A new study finds that adults with schizophrenia who keep to themselves often did so as children, but that social skills training can be an effective way to overcome any difficulties presented by socialising with others.
If you’re feeling alone, you’re not alone. That’s one of the key messages that Institute-supported researcher Sandra Matheson (pictured) wants people to take from her meta-analysis of social withdrawal and schizophrenia that was published recently in the Journal of Psychiatric Research. The report, which compared six studies that looked at childhood social withdrawal in adults with schizophrenia and in at-risk children aged 9-14 years, found that childhood social withdrawal in combination with three potential markers of schizophrenia risk – delay in speech or motor development, presence of psychotic-like experiences, and social, emotional or behavioural problems – was an indicator of vulnerability for schizophrenia.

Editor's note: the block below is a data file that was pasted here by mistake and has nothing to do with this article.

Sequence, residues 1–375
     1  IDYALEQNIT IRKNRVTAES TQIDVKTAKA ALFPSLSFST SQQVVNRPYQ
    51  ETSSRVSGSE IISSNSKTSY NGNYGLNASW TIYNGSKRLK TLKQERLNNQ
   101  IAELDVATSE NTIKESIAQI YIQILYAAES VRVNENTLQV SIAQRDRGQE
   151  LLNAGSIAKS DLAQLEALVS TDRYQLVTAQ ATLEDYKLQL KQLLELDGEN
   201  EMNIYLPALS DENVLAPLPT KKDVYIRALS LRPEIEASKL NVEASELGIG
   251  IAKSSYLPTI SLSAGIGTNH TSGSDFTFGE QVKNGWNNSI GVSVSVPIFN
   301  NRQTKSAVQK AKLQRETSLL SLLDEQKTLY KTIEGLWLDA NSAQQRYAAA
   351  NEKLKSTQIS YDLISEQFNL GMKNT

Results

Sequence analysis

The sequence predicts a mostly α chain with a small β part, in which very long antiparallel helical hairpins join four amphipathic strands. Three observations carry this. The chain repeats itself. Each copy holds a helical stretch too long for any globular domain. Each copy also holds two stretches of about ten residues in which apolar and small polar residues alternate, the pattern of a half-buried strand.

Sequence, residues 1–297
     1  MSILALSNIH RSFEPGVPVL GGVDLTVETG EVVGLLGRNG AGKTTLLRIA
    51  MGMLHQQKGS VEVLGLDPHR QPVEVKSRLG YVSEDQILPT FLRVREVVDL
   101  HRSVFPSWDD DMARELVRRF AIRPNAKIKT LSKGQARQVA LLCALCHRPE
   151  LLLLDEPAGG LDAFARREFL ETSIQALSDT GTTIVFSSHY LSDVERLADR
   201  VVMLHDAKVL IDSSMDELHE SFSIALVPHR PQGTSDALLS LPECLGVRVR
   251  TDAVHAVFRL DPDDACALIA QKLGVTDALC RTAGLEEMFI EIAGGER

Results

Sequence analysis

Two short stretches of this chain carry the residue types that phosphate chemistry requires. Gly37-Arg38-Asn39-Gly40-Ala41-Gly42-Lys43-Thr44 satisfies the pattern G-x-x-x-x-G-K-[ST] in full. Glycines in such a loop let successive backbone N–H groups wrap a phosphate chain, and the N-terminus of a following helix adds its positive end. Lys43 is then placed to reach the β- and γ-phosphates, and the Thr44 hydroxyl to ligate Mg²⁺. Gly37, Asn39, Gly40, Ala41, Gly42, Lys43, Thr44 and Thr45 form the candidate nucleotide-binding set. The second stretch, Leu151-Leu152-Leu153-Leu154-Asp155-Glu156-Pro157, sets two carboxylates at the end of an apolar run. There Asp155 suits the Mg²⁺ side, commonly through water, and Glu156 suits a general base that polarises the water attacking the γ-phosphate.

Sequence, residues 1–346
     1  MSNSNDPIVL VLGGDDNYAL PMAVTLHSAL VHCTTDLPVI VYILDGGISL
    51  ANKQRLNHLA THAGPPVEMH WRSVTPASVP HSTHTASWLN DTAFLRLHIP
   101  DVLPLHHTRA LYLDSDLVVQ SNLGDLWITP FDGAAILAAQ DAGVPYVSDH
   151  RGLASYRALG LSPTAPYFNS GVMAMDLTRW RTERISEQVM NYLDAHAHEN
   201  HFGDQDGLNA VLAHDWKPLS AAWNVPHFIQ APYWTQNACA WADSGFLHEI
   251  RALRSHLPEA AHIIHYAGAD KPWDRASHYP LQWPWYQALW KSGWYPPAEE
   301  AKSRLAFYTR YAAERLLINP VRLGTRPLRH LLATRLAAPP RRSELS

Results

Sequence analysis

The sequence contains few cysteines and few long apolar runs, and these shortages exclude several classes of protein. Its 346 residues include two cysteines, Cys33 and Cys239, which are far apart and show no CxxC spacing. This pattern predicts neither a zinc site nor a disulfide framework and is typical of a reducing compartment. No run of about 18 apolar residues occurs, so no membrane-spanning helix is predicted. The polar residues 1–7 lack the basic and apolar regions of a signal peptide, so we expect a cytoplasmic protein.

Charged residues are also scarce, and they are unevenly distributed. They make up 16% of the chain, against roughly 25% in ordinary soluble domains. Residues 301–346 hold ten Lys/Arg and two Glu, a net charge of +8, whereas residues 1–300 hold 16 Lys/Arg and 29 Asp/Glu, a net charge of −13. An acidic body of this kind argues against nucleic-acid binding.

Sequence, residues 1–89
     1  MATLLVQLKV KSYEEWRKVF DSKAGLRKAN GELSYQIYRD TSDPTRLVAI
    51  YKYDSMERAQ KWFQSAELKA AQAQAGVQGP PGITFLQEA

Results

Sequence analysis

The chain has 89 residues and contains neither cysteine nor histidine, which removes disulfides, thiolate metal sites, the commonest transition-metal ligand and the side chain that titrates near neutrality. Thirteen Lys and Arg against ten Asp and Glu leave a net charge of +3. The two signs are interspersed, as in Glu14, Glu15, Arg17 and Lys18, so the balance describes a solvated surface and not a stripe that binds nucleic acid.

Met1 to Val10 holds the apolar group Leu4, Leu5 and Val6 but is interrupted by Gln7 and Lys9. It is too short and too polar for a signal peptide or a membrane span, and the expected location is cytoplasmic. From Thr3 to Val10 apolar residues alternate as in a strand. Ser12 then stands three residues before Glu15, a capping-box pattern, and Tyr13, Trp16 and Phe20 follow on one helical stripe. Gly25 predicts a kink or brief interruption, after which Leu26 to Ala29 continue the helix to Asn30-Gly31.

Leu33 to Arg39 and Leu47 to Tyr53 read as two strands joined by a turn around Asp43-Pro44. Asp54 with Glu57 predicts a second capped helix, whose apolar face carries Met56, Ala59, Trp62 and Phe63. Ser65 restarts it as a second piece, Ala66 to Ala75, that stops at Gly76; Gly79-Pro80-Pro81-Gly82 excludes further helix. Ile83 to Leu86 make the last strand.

“That’s not to say that children who are shy, or don’t have a lot of friends or don’t play well are going to develop schizophrenia later in life,” Ms Matheson points out. “What the results of the study tell us is that adults with schizophrenia who are socially withdrawn, quite likely displayed those same attributes when they were children and that not wanting to socialise with others is a common occurrence in people with schizophrenia.”